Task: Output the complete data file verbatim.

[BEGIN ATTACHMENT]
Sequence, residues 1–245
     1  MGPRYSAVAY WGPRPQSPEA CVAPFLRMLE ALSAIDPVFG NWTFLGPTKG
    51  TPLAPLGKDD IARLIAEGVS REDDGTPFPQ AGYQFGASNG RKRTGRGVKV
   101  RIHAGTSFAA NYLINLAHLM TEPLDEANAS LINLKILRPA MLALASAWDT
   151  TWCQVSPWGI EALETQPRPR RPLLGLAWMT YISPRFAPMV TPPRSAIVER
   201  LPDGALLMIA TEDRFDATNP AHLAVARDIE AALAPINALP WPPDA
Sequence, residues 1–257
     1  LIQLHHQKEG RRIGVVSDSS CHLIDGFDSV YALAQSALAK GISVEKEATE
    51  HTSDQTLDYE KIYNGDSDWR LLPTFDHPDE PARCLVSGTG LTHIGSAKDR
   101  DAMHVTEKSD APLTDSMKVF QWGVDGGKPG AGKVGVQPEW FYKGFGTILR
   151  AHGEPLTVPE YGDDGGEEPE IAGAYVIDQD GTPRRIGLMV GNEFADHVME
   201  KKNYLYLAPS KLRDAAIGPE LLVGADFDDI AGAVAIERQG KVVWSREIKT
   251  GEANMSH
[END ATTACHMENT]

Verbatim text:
Sequence, residues 1–245
     1  MGPRYSAVAY WGPRPQSPEA CVAPFLRMLE ALSAIDPVFG NWTFLGPTKG
    51  TPLAPLGKDD IARLIAEGVS REDDGTPFPQ AGYQFGASNG RKRTGRGVKV
   101  RIHAGTSFAA NYLINLAHLM TEPLDEANAS LINLKILRPA MLALASAWDT
   151  TWCQVSPWGI EALETQPRPR RPLLGLAWMT YISPRFAPMV TPPRSAIVER
   201  LPDGALLMIA TEDRFDATNP AHLAVARDIE AALAPINALP WPPDA
Sequence, residues 1–257
     1  LIQLHHQKEG RRIGVVSDSS CHLIDGFDSV YALAQSALAK GISVEKEATE
    51  HTSDQTLDYE KIYNGDSDWR LLPTFDHPDE PARCLVSGTG LTHIGSAKDR
   101  DAMHVTEKSD APLTDSMKVF QWGVDGGKPG AGKVGVQPEW FYKGFGTILR
   151  AHGEPLTVPE YGDDGGEEPE IAGAYVIDQD GTPRRIGLMV GNEFADHVME
   201  KKNYLYLAPS KLRDAAIGPE LLVGADFDDI AGAVAIERQG KVVWSREIKT
   251  GEANMSH